Given the members of the advisory committee for the Grand Challenges for Engineering, there appears to be a large and obvious hole in the list of challenges offered for consideration. Researcher Attila Chordash asks the obvious question:
Why was life extension ruled out of the 14 Grand Engineering Challenges?
It is a big challenge to learn how could healthy lifespan extension as a big and realistic challenge have been left out? Why did Kurzweil (author of the book Fantastic Voyage: Live Long Enough to Live Forever) not stand up for it? Why nobody out of the luminaries thought that regenerative medicine and stem cells worth discussing more than a tiny side note? And what about Venter, whom I still like to be interview as there are many points in his activity suggesting a life extension connection. Somebody in the committee was clearly against it?
I was also surprised, given the tenor of press articles on the Grand Challenges, most of which focused on Ray Kurzweil and his views on the future of radical life extension and other transhumanist technologies. Given a committee, it seems, you can water down any set of ambitions to thin gruel indeed.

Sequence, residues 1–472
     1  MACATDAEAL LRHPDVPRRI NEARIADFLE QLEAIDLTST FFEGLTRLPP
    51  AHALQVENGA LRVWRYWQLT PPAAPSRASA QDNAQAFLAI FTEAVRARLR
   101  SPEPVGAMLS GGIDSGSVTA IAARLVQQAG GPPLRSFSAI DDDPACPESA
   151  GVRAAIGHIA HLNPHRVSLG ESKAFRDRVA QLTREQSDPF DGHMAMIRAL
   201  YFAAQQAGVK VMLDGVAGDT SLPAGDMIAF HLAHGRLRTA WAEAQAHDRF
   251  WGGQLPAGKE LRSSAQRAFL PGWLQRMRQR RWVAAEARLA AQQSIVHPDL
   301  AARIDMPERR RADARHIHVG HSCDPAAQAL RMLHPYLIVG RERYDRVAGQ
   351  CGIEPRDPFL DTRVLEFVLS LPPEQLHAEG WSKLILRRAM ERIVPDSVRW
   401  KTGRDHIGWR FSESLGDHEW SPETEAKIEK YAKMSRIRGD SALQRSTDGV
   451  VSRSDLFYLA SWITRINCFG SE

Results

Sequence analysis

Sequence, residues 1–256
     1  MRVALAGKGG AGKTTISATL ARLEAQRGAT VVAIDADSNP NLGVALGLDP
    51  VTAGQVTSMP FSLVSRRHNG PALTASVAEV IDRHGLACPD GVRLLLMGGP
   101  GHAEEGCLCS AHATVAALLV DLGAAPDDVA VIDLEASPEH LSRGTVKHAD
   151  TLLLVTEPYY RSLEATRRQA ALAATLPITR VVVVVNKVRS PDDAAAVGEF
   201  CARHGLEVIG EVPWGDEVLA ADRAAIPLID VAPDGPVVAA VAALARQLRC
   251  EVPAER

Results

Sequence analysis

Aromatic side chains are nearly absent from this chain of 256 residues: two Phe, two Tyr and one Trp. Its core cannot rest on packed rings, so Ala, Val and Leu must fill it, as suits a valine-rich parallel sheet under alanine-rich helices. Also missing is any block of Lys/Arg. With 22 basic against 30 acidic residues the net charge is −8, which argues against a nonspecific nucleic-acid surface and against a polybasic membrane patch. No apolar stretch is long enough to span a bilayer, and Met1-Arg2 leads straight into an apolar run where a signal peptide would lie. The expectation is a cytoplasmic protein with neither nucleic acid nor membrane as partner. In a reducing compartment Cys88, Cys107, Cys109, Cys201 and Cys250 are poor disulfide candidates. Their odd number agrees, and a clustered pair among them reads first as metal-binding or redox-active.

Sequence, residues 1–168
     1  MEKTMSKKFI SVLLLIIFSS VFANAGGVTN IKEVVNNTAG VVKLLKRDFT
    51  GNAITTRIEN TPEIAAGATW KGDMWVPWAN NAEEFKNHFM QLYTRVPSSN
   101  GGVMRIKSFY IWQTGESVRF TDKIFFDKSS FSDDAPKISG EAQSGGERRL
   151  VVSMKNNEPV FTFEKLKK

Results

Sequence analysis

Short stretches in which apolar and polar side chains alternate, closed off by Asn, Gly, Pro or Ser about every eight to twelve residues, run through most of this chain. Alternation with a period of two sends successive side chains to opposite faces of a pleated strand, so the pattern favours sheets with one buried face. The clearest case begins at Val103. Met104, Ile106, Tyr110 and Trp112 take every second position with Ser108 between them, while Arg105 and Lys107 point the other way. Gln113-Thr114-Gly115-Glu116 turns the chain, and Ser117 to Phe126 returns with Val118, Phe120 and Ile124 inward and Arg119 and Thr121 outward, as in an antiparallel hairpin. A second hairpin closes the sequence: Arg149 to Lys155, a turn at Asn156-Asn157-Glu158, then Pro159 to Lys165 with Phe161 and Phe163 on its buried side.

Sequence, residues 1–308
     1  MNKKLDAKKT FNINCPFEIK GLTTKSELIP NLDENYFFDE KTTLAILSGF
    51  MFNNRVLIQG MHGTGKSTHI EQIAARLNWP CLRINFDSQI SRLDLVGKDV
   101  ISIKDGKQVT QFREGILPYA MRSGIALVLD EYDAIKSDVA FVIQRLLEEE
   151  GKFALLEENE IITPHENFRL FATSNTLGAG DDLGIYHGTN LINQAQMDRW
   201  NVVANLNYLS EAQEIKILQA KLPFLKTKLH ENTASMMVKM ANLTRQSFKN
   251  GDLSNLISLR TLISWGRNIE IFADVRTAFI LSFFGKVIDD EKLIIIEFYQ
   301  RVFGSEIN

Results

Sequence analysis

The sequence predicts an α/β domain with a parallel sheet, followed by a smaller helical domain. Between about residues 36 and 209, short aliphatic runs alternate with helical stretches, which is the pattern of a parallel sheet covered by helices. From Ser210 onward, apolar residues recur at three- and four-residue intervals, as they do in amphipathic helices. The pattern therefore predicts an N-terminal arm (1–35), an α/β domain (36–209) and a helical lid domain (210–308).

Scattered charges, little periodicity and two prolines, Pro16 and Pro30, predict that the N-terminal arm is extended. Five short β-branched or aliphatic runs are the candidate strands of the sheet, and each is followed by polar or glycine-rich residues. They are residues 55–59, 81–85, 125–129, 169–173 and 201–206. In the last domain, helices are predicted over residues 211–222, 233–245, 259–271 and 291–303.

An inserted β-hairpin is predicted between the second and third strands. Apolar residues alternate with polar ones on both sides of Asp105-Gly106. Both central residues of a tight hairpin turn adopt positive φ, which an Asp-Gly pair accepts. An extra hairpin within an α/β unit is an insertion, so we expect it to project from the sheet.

American inventor and futurologist Ray Kurzweil said mankind is on the brink of radical advances in computer science and medicine that will see tiny robots or "nanobots" embedded in people's bodies, fending off disease and boosting our intelligence. Breakthroughs in technologies such as RNA interference, involving inhibiting the functioning of genes, and gene therapy will allow us to flick genetic switches on and off and add new ones - putting an end to many illnesses and expanding lifespans, he added.
Precious little of that in the Grand Challenges themselves. Chordash offers some opinions collected from his network; it boils down to the conservatism of the any old guard, scientific community or otherwise. But there is no debate on the feasibility of healthy life extension in the gerontological community these days; the arguments are all over how the goal will be accomplished, how much can be done, and how long it will take. When you put together a Grand Challenge for Engineering on medicine and manage to completely leave out extending the healthy human life span, you make yourself irrelevant to what is actually taking place in the laboratories and research communities today.